work of others involved in similar activities within a tradition other than painting, with which I could feel involved. It was both exciting and disappointing to become aware of so much that was so relevant all at once. Disappointing because until then I had believed I was the sole possessor of a special idea, but exciting to think there were others who believed in the values I believed in. The two years that followed were divided almost equally into an initial period producing work generated by mathematics, followed by an important change to making objects which tried to respond to the challenge of understanding what excited me about space and vision.
The artist with space-enhancing glasses
Two practical but significant new factors were introduced into my work at this point. The first was perception theory, and the second the use of machines to make my work. Two books, Art and Visual Perception by Arnheim, and The Perception of the Visual World by Gibson helped me to understand and test different ways of working with space. It also occurred to me at this time that if the amount of space I could see, was for the most part determined by the fact my eyes were 3 inches apart, a greater separation would let me see more.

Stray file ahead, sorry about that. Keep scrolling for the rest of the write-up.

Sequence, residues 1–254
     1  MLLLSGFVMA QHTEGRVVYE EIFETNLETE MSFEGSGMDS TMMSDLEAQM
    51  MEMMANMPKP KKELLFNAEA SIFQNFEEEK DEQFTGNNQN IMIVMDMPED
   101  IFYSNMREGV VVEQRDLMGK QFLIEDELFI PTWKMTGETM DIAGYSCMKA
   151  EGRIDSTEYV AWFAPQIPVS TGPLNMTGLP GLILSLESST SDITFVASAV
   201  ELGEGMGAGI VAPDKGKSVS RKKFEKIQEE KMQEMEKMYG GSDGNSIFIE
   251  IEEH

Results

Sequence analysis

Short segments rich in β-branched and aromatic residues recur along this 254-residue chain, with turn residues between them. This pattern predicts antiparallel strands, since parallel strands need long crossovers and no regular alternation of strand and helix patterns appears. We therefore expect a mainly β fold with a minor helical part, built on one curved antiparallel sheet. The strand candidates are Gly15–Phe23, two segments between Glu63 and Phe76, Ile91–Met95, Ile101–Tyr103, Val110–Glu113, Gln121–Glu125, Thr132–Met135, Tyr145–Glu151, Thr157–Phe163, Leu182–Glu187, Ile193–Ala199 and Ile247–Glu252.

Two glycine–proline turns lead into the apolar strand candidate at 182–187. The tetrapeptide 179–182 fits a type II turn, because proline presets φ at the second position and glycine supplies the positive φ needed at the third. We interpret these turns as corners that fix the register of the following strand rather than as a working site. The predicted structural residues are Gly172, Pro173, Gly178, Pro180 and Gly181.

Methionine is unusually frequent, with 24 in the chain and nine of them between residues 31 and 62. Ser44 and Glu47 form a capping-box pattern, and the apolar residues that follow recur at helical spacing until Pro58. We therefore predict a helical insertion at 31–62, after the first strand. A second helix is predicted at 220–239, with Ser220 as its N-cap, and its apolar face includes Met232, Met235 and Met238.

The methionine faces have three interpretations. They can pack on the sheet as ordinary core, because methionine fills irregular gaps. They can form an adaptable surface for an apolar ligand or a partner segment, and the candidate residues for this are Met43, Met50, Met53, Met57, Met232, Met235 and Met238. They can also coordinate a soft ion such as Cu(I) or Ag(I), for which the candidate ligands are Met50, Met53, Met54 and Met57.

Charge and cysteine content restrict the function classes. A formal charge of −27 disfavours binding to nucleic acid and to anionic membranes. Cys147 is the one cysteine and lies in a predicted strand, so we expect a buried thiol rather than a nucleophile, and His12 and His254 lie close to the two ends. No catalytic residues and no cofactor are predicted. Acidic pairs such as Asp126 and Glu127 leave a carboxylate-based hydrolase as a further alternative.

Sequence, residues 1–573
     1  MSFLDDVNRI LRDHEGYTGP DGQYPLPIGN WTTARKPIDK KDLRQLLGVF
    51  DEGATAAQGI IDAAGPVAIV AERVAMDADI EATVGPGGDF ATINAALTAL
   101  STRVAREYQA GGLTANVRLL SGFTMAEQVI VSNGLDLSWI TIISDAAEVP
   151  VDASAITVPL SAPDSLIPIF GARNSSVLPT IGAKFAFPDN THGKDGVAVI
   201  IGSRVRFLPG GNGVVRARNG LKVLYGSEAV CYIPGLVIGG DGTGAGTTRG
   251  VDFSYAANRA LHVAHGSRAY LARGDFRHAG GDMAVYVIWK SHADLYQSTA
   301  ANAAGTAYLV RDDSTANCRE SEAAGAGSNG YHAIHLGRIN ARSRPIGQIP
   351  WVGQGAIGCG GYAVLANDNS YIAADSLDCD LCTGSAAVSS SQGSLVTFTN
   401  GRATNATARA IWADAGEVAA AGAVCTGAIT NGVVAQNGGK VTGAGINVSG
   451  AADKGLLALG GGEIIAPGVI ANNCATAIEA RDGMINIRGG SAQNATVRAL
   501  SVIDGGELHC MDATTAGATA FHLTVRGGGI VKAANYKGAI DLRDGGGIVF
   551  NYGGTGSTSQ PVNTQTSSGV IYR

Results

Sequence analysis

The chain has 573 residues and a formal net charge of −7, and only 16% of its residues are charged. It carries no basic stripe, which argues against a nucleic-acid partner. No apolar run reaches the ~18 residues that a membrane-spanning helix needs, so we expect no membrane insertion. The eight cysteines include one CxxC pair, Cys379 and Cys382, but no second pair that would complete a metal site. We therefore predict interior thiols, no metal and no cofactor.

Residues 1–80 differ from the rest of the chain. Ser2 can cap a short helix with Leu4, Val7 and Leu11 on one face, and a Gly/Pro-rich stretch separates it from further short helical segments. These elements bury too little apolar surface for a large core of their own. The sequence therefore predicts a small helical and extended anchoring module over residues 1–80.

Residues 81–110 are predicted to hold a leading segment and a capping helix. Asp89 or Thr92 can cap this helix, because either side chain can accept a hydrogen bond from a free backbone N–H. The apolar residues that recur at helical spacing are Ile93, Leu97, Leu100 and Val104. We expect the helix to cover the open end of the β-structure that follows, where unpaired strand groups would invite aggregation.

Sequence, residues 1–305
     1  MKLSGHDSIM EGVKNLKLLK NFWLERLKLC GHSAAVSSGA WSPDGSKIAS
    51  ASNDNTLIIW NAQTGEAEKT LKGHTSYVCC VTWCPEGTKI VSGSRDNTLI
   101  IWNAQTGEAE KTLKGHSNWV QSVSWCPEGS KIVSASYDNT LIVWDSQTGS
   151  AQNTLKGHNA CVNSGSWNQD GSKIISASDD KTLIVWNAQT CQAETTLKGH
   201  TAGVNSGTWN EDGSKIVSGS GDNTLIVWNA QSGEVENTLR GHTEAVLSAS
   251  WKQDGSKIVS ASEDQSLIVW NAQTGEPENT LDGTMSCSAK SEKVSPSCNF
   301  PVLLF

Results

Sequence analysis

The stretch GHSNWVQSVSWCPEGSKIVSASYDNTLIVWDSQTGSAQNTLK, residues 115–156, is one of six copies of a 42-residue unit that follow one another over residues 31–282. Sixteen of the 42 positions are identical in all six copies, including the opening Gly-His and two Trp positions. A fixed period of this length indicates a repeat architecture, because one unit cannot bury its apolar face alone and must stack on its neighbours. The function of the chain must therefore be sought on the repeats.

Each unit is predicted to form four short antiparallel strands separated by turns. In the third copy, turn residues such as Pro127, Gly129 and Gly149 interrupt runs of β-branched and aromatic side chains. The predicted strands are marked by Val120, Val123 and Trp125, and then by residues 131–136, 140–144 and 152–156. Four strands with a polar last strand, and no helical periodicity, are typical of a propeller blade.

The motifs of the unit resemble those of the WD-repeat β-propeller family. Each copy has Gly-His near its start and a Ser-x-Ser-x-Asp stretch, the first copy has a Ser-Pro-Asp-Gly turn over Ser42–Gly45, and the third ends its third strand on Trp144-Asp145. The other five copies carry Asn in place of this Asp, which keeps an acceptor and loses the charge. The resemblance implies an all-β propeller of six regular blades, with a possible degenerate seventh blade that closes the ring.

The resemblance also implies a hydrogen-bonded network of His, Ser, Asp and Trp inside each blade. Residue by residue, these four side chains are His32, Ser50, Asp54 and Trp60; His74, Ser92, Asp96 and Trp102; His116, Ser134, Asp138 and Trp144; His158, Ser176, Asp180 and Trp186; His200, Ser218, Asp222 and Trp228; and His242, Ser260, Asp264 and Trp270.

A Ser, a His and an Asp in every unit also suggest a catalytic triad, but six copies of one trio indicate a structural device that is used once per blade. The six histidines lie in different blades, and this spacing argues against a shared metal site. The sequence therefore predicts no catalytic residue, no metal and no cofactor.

I arranged some mirrors to achieve this and it worked. The device was however so awkward no one else could use it and it was a long time before I was able to demonstrate the phenomenon. This was followed by another instrument which turned space back to front. This means that the surface against which an object is seen becomes the transparency through which it is seen. Reflections behave like shadows and perspective is reversed. These experimental spectacles are useful for my own research and in teaching, but it took a while to make them in such a way, that with the exception of someone with a vision defect, the three-dimensional equivalent of colour blindness, they are easy to use and work for anyone.